Monthly Archives: August 2018

Penn Serves LA Makes Mosaics with Piece by Piece

By Jane Gutman, CW’73, PAR’ 14, PAR’16

Inspired by a 2006 visit to a micro-finance enterprise, training and employing women with HIV to make animals and dolls using seed beads in South Africa, Piece by Piece founder, artist Sophie Alpert, returned home with a desire to replicate this model as a mosaic workshop to empower people in underserved areas of Los Angeles.

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Detail of a mosaic piece the Penn Serves LA volunteers worked on during their visit.

People seeking new skills from South Central, Skid Row or other parts of LA can take training and certification classes in mosaic arts, free of charge, through Piece by Piece.  The artisans primarily use recycled materials (broken tiles, china, and glass) to create mirrors, trivets, wall décor, etc.  In March at our day to volunteer with Piece by Piece, the Penn Serves LA group received their own brief instruction in mosaic making: breaking up and chipping china, using thinset and other adherents, and basic design, before charging ahead with their own creations.

Our enthusiastic Quakers worked in groups on designs for decorating flower pots, and also took turns applying mosaic fragments on a large birdbath.  Reticent at the start, everyone found their rhythm and enthusiastically worked through lunch….but food ultimately beckoned, and fortunately, Piece by Piece has their showroom at Mercado La Paloma, an inviting space in the Figueroa Corridor which was once a garment factory.   This wonderful community revitalization project today provides affordable cultural, retail and culinary opportunities and serves as a vital hub for the area.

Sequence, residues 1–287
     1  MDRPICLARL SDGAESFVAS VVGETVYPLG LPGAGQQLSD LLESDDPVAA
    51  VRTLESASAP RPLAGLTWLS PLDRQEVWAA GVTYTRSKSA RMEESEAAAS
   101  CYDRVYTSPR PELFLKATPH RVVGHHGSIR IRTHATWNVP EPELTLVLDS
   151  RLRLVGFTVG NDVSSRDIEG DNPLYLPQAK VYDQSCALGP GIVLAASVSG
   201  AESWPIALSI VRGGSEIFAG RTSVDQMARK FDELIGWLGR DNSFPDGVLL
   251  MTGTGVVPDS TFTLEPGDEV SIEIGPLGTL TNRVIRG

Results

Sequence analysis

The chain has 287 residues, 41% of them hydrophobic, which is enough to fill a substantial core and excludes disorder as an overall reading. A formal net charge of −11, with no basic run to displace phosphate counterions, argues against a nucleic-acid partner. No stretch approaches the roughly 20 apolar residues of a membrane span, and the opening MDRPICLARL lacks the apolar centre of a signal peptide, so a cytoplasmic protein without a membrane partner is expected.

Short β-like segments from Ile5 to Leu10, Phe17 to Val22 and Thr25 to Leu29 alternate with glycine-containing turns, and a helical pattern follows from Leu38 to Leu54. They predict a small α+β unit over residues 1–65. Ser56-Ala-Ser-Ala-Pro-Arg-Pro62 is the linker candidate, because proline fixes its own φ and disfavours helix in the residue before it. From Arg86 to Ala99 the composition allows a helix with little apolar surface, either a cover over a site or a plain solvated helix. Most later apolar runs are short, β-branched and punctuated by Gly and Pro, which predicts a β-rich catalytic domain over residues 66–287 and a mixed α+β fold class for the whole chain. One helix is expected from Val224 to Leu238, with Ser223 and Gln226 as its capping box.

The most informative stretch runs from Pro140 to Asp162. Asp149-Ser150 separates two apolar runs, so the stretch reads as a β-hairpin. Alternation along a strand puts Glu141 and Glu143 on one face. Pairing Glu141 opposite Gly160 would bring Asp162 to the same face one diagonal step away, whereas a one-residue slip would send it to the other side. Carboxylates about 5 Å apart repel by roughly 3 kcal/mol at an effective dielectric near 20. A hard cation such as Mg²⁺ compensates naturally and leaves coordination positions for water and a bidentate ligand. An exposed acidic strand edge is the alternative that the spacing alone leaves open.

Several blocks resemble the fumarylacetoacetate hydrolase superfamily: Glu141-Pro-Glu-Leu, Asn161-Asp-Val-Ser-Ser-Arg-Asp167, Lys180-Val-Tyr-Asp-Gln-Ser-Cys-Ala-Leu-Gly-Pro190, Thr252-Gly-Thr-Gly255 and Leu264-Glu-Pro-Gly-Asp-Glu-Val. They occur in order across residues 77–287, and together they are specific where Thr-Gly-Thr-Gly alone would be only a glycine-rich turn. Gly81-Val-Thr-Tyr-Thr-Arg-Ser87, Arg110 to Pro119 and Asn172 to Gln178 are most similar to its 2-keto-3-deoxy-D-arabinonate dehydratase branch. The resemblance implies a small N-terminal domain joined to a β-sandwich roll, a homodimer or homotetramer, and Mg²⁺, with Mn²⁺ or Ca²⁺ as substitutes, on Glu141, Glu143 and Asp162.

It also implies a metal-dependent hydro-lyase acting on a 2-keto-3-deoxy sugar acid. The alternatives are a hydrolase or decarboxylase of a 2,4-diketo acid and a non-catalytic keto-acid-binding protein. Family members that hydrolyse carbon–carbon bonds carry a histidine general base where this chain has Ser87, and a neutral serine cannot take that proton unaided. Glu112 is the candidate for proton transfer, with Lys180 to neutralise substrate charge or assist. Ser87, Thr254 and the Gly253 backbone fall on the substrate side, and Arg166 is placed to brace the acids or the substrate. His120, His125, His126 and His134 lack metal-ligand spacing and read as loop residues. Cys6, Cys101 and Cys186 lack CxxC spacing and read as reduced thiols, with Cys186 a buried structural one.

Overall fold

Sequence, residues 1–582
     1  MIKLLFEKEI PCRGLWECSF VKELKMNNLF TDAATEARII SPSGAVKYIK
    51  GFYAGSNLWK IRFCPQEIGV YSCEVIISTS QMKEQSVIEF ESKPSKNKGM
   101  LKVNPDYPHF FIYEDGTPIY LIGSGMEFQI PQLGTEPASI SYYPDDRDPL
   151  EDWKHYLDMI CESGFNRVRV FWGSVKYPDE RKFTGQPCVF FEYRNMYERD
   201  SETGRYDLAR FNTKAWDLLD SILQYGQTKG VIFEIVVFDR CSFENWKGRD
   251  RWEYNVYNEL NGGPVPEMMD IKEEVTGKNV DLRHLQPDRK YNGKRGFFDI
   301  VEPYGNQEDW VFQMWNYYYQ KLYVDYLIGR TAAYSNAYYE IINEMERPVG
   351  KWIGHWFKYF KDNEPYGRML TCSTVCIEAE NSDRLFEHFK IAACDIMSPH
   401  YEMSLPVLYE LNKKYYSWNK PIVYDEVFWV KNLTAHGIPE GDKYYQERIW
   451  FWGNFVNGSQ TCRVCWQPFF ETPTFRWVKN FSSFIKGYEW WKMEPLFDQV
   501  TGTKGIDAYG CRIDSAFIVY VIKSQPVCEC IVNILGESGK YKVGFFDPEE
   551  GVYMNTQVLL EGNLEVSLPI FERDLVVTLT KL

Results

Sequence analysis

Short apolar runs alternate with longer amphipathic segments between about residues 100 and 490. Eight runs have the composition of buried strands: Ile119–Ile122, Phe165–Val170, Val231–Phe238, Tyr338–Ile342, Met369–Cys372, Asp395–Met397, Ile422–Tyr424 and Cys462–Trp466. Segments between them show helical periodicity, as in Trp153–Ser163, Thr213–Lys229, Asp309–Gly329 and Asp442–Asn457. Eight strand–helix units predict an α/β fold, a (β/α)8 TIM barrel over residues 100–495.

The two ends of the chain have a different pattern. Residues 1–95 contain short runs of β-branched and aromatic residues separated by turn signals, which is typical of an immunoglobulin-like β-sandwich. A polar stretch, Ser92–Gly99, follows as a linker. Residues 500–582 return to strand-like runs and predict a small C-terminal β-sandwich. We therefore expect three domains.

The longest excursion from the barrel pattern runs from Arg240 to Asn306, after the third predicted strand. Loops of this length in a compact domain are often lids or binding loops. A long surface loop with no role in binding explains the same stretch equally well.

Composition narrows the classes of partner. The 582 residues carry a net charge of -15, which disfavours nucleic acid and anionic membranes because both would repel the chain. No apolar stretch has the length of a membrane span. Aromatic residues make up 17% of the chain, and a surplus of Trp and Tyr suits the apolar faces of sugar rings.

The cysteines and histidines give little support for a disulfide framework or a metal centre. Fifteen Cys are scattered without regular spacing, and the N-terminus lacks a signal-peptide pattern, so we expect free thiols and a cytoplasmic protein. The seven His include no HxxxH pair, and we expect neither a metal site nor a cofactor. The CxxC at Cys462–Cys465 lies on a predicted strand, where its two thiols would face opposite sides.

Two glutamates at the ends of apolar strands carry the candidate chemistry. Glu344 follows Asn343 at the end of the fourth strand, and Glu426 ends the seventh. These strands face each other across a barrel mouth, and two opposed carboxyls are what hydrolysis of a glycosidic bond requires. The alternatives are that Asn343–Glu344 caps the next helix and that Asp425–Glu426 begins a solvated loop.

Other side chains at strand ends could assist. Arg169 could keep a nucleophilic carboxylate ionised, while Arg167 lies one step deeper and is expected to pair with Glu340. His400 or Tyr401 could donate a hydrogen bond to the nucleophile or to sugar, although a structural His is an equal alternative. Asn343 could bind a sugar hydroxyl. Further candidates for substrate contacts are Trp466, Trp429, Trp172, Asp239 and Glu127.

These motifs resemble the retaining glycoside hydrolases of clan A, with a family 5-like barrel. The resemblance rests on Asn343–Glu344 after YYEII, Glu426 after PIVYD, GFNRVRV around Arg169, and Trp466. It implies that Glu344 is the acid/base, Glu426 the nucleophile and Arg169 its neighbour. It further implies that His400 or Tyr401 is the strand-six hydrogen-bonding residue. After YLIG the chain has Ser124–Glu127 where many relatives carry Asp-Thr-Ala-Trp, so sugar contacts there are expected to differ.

The Penn volunteers learned a new skill, made friends across the decades, enjoyed Vegan Ethiopian food (for example) and shopped for handmade copper bowls, embroidered blouses or woven satchels.  I came home with a magnificent mosaic wall hanging with a huge heart made up of white stones, surrounded pieces of blue and white pottery…this creation, made b a master mosaic artist,  will long remind me of the heart-filled joint venture between Penn Serves LA volunteers and the Piece by Piece community.

To learn more, shop or volunteer your time, please go to piecebypiece.org.

Penn Serves LA Piece by Piece

The Penn Serves LA volunteers pose with their mosaic pieces

Upcoming Events

About Penn Serves LA

Penn Serves LA logo volunteering with Penn Alumni in Los Angeles

Penn Serves LA impacts the Los Angeles community by engaging University of Pennsylvania alumni, parents and families in meaningful community service activities.

Since our founding in 2012, we have done everything from serving meals to the homeless to restoring the environment to fixing homes. Six times annually, we find another great opportunity to learn about interesting nonprofits, lend a hand and enjoy a fun experience with fellow alumni.

Join Us

We invite the Penn community in Los Angeles (alumni, parents, and kids) to join us at a future event, to help spread the word and to help us plan future activities. Join us, meet new Penn people, demonstrate what service means to your kids and friends, and help fellow Quakers make a little bit of difference in our complex city!

If you have an established nonprofit that you would like us to consider for future events or announcements, please let us know. We are looking for new nonprofits to serve in meaningful ways.

Contact Us

Questions? Want to join our email list? Reach us at pennserves@gmail.com.

Like us on Facebook and follow us on Instagram and Twitter!

The Penn Serves LA Team